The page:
The profile of Volterra and the Valdicecina is characterised, even from a distance, by the austere and noble lines of the fortress, built by the Medici not so much to protect the city and the territory as to subjugate the proud ancient commune, discouraging any revolt.
The fortress was built in 1474 - on the remains of older fortifications - exactly two years after the city of Florence had conquered the town after a bitter war for control of the alum mines, an important mineral used in fabric manufacture. Today the fortress houses a penitentiary.
History of the Fortress
The fortress was not only intended to protect the town, but above all to keep it under control and prevent rebellions. Part of it - the easternmost sector - already existed before 1474, and constituted the oldest castle, the Cassero.
This structure, which extended the city's defences, was intended to protect the area around the Porta a Selci and was completed in 1292.
Around 1343, Gualtieri di Brienne, Duke of Athens and Lord of Florence, took control of the Keep and built a new tower on the other side of the ancient Porta a Selci. The tower was then joined to the keep to form a single structure protected by walls and moats.
In 1430, the construction of the spur that still stands at the eastern end of the fortress began, and which has since been called "the shoe", completed a few years later in 1432. The term derives from its shape, in fact the walls have an accentuated slope in the lower part destined to defend against artillery shots.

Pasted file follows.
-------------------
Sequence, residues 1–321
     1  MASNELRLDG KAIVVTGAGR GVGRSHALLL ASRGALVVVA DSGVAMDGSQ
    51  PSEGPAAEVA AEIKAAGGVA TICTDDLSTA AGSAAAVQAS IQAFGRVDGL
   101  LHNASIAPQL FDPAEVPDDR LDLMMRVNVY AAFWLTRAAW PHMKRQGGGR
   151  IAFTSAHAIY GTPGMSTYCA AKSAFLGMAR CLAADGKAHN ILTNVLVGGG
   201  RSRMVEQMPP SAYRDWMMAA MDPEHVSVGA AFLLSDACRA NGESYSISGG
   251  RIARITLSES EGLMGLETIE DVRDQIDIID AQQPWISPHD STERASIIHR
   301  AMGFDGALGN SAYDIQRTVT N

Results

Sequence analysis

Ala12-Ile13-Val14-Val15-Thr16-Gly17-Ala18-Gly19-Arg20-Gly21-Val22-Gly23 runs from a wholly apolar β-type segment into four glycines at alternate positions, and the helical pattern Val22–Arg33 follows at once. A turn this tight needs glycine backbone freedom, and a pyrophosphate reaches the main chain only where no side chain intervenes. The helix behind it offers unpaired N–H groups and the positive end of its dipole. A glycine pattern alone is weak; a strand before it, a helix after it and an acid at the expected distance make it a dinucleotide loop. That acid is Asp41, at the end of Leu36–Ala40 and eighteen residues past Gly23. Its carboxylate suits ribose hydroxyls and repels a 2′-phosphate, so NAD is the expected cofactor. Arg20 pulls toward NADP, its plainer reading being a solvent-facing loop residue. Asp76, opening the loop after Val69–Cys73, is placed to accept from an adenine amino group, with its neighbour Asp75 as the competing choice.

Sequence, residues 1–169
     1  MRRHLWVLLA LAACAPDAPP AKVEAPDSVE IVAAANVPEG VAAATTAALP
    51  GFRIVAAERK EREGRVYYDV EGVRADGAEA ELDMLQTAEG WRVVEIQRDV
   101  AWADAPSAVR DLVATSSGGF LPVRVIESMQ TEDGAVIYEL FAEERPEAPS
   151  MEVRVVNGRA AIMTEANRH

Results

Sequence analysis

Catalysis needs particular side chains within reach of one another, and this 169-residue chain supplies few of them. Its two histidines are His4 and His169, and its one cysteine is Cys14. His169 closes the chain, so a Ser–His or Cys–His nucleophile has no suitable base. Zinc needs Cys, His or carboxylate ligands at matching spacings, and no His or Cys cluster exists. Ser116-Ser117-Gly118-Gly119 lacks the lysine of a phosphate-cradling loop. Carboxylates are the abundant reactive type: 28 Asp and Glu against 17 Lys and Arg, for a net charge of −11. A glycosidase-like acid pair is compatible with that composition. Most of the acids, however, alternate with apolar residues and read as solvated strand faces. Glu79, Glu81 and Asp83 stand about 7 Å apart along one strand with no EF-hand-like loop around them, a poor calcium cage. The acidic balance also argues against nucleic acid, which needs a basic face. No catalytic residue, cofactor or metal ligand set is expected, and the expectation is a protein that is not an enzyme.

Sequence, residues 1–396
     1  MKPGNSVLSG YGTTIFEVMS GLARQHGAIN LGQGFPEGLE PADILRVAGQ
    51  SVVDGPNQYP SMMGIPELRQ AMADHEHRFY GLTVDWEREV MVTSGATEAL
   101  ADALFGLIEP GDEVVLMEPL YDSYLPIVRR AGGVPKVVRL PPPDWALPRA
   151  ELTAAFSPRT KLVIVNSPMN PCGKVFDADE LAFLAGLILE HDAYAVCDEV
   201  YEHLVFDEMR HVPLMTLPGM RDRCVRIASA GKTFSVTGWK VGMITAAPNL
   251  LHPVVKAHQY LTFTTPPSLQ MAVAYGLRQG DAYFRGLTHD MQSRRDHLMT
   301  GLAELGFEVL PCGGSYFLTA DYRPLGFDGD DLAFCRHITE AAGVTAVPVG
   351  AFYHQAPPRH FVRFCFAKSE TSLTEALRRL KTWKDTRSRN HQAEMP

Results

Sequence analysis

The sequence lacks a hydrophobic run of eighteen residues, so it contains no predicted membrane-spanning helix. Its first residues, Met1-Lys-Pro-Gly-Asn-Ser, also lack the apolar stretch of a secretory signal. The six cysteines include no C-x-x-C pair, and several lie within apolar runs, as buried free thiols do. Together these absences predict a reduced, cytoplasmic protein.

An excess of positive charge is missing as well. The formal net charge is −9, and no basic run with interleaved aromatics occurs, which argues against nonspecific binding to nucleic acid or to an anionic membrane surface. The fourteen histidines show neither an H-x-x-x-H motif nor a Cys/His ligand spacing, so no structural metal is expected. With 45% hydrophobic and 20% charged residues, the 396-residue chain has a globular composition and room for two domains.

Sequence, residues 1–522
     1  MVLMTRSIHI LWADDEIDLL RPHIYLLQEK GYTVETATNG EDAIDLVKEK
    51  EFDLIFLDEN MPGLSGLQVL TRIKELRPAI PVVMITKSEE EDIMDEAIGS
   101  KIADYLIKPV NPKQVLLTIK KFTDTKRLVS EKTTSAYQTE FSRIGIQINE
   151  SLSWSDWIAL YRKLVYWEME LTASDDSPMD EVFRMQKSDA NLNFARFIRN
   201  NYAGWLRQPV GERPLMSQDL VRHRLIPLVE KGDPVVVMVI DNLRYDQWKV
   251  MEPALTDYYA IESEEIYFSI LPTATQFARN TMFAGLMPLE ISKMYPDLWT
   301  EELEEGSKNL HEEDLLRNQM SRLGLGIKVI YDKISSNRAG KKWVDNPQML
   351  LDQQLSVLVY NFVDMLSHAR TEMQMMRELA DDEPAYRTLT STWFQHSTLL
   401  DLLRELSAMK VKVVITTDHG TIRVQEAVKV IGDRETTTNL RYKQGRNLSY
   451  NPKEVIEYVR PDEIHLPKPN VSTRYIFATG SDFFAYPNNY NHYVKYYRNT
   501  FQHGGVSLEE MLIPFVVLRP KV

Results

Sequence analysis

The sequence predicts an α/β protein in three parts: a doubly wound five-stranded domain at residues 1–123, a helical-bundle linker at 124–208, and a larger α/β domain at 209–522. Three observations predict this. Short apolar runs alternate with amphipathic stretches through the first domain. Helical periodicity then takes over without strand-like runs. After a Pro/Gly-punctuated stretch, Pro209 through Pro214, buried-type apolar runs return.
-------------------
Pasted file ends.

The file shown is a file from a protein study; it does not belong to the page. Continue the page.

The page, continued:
The entire eastern sector - the oldest one - is now called the "Rocca Vecchia" or "Rocca Femmina", while the new part, built entirely of stone, consists of two parts: the "Mastio" built at the western end, which consists of a large circular tower isolated inside and a square curtain wall at the corners of which are four tall circular towers.
A double curtain wall was also built between the Keep and the Old Fortress, joining the two fortresses and at the same time allowing for the housing of a large garrison.
The towers and walls have a scarp and a walkway supported by outwardly projecting corbels, which were intended for "piombante" defence, i.e. for throwing stones and other material at the attackers from above. This walkway was also built in the oldest parts and so the entire perimeter is now homogeneous.
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